Hart Won’t Run in 1990 Against Lagomarsino : Politics: There will not be a repeat of last year’s heated, $3-million congressional race. Gary K. Hart decides to seek reelection to the state Senate.


California state Sen. Gary K. Hart, who came within 4,000 votes of unseating veteran Rep. Robert J. Lagomarsino (R-Ojai) last year, will announce today that he will not seek a rematch in 1990.

The Santa Barbara Democrat will end months of speculation that he would oppose Lagomarsino again by declaring his intent to run for a third four-year term in the state Senate next year.

“The many challenging opportunities at the state level balanced against the demands of another difficult, time-consuming and expensive congressional campaign so soon after the last one have led me to decide” not to seek election to Congress in 1990, Hart said in a statement prepared for release today.

The bitter 18th District race--pitting a charismatic liberal against a popular conservative incumbent--was the nation’s second-costliest congressional contest last year, with the two sides spending about $3 million.


Hart, 46, who chairs the Senate Education Committee, is expected to weigh another congressional bid in 1992, after new district boundaries are drawn, said a close Democratic ally who asked not to be identified. If Hart is reelected next year as expected, he could run for Congress in 1992 without giving up his Senate seat if he lost.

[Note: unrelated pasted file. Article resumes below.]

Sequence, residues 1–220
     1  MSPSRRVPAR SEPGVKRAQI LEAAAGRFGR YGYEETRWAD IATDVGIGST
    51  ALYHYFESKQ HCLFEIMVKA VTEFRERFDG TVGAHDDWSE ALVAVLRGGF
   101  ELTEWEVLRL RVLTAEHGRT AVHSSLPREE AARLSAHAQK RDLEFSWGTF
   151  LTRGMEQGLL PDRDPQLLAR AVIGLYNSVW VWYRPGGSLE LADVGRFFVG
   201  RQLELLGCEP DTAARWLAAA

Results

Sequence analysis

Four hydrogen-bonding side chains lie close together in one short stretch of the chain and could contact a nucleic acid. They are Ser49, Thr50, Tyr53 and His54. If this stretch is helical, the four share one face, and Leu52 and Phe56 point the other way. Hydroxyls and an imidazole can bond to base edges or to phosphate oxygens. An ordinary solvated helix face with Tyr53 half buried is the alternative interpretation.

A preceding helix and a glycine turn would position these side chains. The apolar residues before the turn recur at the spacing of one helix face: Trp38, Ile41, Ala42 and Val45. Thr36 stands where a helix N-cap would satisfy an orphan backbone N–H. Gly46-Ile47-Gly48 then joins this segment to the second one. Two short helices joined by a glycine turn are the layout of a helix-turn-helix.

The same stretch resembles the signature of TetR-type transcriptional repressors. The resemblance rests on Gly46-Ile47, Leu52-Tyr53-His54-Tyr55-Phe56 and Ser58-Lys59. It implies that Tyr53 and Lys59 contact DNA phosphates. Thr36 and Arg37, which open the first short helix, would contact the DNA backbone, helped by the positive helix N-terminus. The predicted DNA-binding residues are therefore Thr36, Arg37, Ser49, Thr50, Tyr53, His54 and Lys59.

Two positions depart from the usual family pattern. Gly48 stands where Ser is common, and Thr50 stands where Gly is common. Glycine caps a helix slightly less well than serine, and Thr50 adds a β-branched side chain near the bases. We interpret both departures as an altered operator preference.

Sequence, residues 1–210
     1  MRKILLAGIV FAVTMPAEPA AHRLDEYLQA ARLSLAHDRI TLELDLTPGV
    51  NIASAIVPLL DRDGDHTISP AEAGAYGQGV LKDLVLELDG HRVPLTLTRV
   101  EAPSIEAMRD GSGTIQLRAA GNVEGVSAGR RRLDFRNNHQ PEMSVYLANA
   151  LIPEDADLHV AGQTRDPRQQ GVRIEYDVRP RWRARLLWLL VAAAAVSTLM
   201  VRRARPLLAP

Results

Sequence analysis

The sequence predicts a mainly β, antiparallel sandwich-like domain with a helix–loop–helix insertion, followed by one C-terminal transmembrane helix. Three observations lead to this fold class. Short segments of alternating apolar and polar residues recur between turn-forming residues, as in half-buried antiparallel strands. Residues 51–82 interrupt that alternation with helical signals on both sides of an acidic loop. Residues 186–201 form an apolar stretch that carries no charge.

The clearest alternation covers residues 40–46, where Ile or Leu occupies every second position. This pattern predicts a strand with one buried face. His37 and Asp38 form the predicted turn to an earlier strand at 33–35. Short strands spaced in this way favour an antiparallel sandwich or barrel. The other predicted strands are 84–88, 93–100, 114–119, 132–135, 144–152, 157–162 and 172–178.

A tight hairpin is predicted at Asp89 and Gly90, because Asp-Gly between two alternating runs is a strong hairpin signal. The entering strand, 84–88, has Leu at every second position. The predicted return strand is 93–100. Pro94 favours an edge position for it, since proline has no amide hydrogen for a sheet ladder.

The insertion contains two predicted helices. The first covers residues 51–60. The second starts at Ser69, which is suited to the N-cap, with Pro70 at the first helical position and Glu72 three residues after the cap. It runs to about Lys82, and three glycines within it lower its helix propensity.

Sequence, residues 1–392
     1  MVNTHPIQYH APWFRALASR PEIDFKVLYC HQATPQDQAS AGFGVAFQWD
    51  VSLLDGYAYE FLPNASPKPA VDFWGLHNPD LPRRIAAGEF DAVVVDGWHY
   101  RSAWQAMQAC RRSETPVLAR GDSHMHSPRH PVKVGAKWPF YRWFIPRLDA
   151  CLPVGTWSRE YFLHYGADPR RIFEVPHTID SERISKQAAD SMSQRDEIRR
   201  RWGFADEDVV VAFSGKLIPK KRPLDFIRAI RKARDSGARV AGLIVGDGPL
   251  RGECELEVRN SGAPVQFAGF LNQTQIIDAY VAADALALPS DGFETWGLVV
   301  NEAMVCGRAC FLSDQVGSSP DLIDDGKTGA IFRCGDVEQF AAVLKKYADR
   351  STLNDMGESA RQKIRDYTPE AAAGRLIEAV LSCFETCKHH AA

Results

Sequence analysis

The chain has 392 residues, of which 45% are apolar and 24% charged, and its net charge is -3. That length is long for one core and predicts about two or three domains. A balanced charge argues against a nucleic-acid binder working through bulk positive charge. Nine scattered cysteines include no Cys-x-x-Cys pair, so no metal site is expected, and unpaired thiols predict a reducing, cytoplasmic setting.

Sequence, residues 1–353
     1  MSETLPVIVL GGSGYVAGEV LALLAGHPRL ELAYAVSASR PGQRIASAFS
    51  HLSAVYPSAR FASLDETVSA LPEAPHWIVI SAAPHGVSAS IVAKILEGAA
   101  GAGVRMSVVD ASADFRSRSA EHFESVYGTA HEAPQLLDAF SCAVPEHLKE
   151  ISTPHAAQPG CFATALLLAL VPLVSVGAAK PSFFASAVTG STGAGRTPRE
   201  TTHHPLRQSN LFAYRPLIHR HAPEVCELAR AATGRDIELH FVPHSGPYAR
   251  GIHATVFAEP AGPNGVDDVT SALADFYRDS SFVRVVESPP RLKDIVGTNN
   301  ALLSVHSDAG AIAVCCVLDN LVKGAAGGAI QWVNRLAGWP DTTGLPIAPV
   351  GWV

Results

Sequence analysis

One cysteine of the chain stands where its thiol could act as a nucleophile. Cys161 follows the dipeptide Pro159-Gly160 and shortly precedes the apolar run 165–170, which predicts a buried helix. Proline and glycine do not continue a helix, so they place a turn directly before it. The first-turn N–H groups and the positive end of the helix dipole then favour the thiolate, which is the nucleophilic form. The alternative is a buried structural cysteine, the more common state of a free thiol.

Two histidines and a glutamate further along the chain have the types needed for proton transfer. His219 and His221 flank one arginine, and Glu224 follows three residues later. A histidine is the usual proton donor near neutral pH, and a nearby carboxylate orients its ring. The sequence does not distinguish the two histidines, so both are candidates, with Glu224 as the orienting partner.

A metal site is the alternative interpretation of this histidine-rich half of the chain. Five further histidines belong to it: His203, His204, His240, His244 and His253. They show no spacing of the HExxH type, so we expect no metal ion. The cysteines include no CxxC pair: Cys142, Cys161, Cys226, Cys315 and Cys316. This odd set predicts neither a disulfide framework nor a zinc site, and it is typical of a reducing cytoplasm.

“Reapportionment is such a big question mark that it makes any kind of decision a bit chancy,” the Hart confidante said. “It’s such a close congressional district as it is that major changes in reapportionment might make it unwinnable for a Democrat, even an incumbent, in 1992. On the other hand, it could be split in half,” with a Ventura-based district carved out for Lagomarsino and a heavily Santa Barbara district created for Hart.

The governor and state Legislature will redraw congressional districts following the 1990 Census. California is expected to gain four to six seats.

Lagomarsino, 63, a 16-year incumbent, would not comment on Hart’s plans, said John Dogherty, the Republican’s senior aide.


The current edition of Roll Call, a weekly Capitol Hill newspaper, included a rematch between Lagomarsino and Hart among its list of the potentially hottest 1990 House races. It said pundits predicted that each candidate would have spent more than $2 million. Hart spent $1.55 million in 1988; Lagomarsino, $1.47 million.

Although Lagomarsino’s Republican-leaning district and Hart’s moderately Democrat state district are considered potentially competitive, neither incumbent is expected to face serious opposition in the wake of Hart’s decision.

No one has filed with the state Fair Political Practices Commission to oppose Hart. His 19th Senate District extends from Santa Barbara through Ventura, Oxnard and Port Hueneme to Topanga and part of Woodland Hills.